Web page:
General RV Found Guilty – State of Utah Unable to Prosecute

General RV Found Guilty – State of Utah Unable to Prosecute

Last spring, several people came forward claiming the General RV in Draper, Utah had fraudulently altered their loan paperwork. Replacing their 20 year loan with a 10-year loan followed by a massive balloon payment. The loans centered around RVs purchased between 2013 and 2015. The claims prompted an investigation by the state of Utah, and General RV as well.

General RV was pretty hands-off in their response, saying “We have completed a thorough investigation of the allegations and confirmed that no one at General RV did anything wrong.” 

State of Utah Weighs In

But as of this week, that’s not what the state of Utah believes happened. As reported in our news video, and in a recent report from a Utah Fox affiliate, investigators with the Utah State Tax Commission say they believe four General RV employees fraudulently manipulated dozens of customer contracts. But neither the company nor the employees are being charged with a crime. According to Utah state law, charges of communications fraud must be filed within four years putting all these loans outside the statute of limitation. 

The investigation was handled by The Motor Vehicle Enforcement Division who concluded that General RV employees intentionally smudged the numbers to add balloon payments and cut the length of the loans in half. They also concluded no problematic transactions occurred after 2017.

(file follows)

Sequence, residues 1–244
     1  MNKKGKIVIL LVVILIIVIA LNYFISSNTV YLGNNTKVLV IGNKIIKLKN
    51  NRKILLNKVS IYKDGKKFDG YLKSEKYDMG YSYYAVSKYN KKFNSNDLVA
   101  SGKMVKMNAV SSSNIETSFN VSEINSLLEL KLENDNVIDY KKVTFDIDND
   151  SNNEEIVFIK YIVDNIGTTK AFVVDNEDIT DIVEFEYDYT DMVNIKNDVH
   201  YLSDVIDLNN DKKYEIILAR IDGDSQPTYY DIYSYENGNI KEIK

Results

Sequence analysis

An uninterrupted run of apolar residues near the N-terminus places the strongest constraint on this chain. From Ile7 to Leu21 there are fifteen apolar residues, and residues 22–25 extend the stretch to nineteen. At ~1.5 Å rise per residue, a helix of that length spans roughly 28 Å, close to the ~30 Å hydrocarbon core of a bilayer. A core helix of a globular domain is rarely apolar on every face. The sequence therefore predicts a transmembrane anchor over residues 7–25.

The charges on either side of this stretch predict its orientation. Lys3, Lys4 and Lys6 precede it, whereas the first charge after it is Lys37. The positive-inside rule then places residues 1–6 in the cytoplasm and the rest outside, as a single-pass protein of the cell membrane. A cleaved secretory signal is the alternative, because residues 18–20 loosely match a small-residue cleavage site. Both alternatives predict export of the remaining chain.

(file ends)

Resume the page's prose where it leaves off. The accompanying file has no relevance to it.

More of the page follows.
State of Utah believes General RV committed fraud, but are nable to prosecute.

Credit unions across Utah performed audits on all General RV contracts on file. They reported dozens of discrepancies to the state, showing faulty math on the paperwork.

In each case, credit unions worked with customers to refinance the balloon payments.

Outdated Computer Software Blamed

According to the case file, some of the employees blamed “outdated” computer software for why they taped a piece of paper over the documents as they printed, altering the customers’ carbon copies. At least one employee told investigators that “thousands of deals were done this way,” but insisted the goal was not to deceive the customer. The state says it was never able to find a reasonable explanation for so many instances of faulty math on the paperwork.

The names of the four General RV employees are not being publicly released. Currently, none of them still work for General RV, although some do still work in the financing industry. Make sure you check your loan paperwork, no matter what state you are in or who your dealer is. 

Have you had an issue with your loan paperwork? Let us know in the comments below.


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